Q/A: Why Not To Develop Sacroplasmic Hyperthrophy In Your Boxing Strength Training.

This was a good question asked to me about developing sacroplasmic hypertrophy in your boxing strength training.

In Joe Defranco’s WS4SB, it has a lot of hypertrophy related work. In one of his articles he points out that over 10 reps would be sacroplasmic, and less, myofibrilar. Would his repetition work (8-12 reps x 3 sets), on the supplemental exercises, be “detrimental” to my training? I say detrimental in the sense that I want to be as quick and powerful at a certain weight as is possible, rather than adding muscle “just” for the sake of it.

Should I follow that program, but use less reps, like limit them to 5-6?
I plan to follow this plan along with conditioning days and daily boxing training.
Am I better off just doing the standard Westside Barbell system? I understand that a lot of Joe’s athletes are NFL guys who might need the extra size.
Please help,
Charis Louca

Charis, Joe has written sample workouts he uses for fighters and they differ from his WS4SB articles as both needs are different.

You are answering your own questions, Sarcoplasmic hypertrophy will be detrimental to your training. I’m telling you through experience. Mybofibrilar hypertrophy is far more functional, I mean it won’t alter performance to the degree of Sacroplasmic..

Well Charis if you want to stay at a certain weight division don’t lift your way out of it. Right, just adding muscle for the sake of it doesn’t do much in improving the qualities that you need to end fights quick.. Explosive power/speed. If you want to add more size you have to educate that muscle with speed/power training in the movement patterns of boxing when putting it on to transfer for improved performance.

The standard Westside system was created for building up the big 3 lifts of a power lifter, not a boxer you really have to modify it. Search Joe’s article archives on his site he has a good modified template for fighters.

Structure your training for YOUR needs as a fighter.If you don’t want to add muscle for the sake of it then don’t train that way. Using 10-12 reps on supplementary exercises will do that.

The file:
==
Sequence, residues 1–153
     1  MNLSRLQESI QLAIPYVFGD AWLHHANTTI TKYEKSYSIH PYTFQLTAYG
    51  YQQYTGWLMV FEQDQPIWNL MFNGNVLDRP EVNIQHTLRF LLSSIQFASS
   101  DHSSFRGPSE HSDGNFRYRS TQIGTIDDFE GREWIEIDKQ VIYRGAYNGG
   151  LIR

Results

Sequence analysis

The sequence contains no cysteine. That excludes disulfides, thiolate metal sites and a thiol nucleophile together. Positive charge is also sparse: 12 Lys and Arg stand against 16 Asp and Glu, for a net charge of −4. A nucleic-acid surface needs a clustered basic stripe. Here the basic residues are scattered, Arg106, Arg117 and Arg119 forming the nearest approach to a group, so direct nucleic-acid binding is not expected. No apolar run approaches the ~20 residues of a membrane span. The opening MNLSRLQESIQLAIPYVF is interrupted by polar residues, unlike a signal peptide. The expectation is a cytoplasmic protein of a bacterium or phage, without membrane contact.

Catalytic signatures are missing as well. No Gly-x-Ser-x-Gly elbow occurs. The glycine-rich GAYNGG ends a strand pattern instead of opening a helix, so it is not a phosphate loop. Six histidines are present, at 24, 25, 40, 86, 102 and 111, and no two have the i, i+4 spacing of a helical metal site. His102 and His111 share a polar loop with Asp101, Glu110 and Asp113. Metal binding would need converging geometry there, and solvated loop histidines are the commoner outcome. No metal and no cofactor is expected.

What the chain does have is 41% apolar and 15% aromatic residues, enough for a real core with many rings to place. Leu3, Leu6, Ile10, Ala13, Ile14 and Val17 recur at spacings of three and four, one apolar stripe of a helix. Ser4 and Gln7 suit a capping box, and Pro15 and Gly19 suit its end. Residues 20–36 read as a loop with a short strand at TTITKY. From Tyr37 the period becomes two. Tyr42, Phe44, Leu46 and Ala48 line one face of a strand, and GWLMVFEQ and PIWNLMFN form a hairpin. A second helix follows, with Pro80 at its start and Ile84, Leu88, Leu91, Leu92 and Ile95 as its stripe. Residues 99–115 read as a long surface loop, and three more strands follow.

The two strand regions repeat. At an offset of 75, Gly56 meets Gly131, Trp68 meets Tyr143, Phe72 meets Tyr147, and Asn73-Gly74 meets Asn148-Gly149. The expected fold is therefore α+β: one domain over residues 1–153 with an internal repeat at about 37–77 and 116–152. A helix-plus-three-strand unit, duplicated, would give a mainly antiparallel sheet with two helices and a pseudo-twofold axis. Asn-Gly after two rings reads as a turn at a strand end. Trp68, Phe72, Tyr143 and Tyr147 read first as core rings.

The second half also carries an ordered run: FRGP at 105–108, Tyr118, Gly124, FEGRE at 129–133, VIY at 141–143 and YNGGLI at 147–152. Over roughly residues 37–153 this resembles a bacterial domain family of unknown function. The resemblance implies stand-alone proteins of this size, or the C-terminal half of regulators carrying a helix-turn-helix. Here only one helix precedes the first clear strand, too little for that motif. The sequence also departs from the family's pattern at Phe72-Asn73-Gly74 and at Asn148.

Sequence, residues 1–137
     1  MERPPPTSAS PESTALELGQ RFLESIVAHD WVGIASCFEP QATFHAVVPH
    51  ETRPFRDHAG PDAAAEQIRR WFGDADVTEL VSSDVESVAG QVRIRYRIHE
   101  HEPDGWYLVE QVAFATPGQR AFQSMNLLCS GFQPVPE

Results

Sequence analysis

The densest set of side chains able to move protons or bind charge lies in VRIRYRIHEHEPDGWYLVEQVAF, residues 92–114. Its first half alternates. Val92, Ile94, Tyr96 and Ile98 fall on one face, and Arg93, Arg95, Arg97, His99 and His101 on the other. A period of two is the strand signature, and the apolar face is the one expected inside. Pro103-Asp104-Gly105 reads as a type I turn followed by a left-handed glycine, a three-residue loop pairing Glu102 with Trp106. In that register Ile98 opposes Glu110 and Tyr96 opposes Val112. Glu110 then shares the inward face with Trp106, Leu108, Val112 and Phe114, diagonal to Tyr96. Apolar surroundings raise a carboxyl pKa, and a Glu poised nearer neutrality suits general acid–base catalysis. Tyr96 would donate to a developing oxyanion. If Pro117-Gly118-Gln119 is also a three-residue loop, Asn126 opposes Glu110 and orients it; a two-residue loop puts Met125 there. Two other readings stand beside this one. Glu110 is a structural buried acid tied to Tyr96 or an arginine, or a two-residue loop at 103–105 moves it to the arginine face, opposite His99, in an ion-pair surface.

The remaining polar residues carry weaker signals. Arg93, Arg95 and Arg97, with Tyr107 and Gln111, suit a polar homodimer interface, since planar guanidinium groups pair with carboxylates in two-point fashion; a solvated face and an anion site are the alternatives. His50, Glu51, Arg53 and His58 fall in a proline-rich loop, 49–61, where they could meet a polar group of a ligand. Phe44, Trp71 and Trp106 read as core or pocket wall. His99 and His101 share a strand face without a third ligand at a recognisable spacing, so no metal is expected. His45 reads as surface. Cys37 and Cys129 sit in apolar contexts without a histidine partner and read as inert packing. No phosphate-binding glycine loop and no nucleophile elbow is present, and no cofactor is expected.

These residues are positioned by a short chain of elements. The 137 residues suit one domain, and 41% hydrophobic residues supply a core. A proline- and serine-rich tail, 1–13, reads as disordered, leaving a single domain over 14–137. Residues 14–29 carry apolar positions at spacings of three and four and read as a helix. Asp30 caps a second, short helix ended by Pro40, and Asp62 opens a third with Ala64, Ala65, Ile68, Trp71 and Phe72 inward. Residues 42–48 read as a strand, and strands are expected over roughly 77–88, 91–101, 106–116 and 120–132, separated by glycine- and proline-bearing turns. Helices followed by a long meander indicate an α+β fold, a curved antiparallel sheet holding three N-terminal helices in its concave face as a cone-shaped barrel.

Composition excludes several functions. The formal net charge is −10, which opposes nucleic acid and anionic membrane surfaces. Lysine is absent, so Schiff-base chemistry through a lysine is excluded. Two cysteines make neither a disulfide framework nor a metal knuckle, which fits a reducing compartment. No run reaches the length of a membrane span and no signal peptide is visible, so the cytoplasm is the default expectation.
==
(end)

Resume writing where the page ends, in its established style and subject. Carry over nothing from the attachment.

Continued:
Focus more on developing max strength and power.Your max strength rep bracket will depend on your training age/experience with max work. 5-6 if you have a younger training age, 3-5 as you mature. Add plyometric work when you achieve a max strength base. You can add those before your Max effort days or on another day. You can however add plyometic progression training in your program now building your way to true plyometrics.

Now it’s not like I don’t ever use higher rep brackets of 10-15. I will use them for smaller muscles and problem areas,( injury prevention work) or when adding some size to the neck.

I don’t know without assessing you what you need Charis. I will say though that for strength training use exercises like Front Squats, dead lifts, lunges, step ups, rows, chins, pull-ups, posterior chain work, rotational core work, reverse crunches, face pulls, L-lat raises, scare crows.

Keep the volume low performing 3-4 exercises that address your needs per workout so you can recover and focus on boxing and you’ll be fine.

Good Luck with your boxing.

Click here http://boxingperformance.com/ for proven strength training, and corrective exercise programs.

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